This SEI report examines “how decision makers, such as technical leads and program managers, can assess the fitness of LLMs to address software engineering and acquisition needs . We first introduce exemplar scenarios in software engineering and software acquisition and identify common archetypes. We describe common concerns involving the use of LLMs and enumerate tactics for mitigating those concerns. Using these common concerns and tactics, we demonstrate how decision makers can assess the fitness of LLMs for their own use cases through two examples.
Capabilities of LLMs, risks concerning their use, and our collective understanding of emerging services and models are evolving rapidly [Brundage et al. 2022]. While this document is not meant to be comprehensive in covering all software engineering and acquisition use cases, their concerns, and mitigation tactics, it demonstrates an approach that decision makers can use to think through their own LLM use cases as this space evolves.”
For the full report, go to this link.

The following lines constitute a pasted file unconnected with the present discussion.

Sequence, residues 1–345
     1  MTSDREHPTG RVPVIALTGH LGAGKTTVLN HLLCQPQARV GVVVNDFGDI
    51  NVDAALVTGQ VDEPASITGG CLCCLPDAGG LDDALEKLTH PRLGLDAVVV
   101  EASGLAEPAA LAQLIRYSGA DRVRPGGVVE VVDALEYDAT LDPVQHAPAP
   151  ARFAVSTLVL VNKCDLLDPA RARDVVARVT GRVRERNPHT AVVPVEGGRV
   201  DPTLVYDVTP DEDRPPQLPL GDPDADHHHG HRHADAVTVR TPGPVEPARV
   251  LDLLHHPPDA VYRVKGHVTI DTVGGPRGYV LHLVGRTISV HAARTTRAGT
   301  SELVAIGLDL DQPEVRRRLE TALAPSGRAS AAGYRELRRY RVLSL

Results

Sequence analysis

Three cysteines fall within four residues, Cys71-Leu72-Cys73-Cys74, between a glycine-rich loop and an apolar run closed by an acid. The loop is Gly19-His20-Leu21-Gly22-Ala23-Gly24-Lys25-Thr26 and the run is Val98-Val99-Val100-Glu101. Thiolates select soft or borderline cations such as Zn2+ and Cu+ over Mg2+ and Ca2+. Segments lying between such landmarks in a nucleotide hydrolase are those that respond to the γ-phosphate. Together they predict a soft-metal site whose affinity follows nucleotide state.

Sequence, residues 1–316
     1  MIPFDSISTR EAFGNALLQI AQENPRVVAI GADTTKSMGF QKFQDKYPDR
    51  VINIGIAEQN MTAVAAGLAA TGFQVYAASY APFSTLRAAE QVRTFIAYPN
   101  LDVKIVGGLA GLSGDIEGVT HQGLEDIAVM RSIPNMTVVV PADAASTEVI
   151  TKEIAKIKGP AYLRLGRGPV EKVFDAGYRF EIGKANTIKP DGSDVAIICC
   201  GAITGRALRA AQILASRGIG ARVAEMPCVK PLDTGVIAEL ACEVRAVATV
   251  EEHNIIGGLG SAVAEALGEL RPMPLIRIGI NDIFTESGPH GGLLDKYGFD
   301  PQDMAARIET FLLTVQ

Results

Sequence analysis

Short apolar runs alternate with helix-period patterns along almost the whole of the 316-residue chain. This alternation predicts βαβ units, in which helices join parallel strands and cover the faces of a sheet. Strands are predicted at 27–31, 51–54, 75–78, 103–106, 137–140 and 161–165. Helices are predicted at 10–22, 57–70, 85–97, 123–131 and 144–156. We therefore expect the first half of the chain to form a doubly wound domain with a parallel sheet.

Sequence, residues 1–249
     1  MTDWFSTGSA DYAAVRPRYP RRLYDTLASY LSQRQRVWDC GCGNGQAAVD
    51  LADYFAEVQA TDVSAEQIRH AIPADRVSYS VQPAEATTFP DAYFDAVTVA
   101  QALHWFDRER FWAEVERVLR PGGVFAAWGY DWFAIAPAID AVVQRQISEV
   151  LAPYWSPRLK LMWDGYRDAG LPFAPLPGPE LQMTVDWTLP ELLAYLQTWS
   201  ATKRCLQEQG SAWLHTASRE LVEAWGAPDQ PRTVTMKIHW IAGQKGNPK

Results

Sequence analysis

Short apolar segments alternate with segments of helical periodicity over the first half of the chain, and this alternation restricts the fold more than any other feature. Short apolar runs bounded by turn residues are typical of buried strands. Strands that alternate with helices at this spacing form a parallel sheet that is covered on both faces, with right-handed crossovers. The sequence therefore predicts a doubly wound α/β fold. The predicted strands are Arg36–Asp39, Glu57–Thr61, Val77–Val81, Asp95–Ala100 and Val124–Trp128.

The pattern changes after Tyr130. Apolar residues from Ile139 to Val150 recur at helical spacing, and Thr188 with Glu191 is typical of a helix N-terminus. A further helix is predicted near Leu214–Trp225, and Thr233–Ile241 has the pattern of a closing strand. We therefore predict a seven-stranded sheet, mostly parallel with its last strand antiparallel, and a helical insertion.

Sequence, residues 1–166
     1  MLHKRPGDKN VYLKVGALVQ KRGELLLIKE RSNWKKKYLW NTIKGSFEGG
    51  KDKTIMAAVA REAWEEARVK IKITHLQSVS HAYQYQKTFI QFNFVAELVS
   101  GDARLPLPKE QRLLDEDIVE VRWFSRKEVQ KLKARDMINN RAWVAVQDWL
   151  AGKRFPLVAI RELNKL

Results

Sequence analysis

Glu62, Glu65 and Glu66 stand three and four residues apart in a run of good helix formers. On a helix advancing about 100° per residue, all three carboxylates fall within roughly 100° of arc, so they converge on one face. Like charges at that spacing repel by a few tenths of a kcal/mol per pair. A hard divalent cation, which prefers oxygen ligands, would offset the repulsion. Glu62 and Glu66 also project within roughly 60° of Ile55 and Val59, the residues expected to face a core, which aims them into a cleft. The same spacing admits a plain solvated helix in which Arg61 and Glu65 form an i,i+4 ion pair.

1 – Ozkaya, I. Application of Large Language Models to Software Engineering Tasks: Opportunities, Risks, and Implications. IEEE Software. Volume 40. Number 3. May-June 2023. Pages 4–8. https://ieeexplore.ieee.org/document/10109345
2 – Brundage, M.; Mayer, K.; Eloundou, T.; Agarwal, S.; Adler, S.; Krueger, G.; Leike, J.; & Mishkin, P. Lessons Learned on Language Model Safety and Misuse. OpenAI. March 2, 2022. https://openai.com/research/language-model-safety-and-misuse
This document sets forth a framework for identifying highly consequential AI use cases (ID HCAI Framework) that might have significant benefits or harms on society. The framework is a tool that can help regulators ensure that the development and use of AI systems align with democratic values. By using this template, regulators can focus their efforts on AI systems that are highly consequential to the public, standardize their approach across sectors, and adapt their approach to the specific needs of different sectors. Additionally, by documenting their processes and decision making, regulators can help to ensure accountability and transparency. This framework template should be adopted and tailored by regulators for sector-specific needs.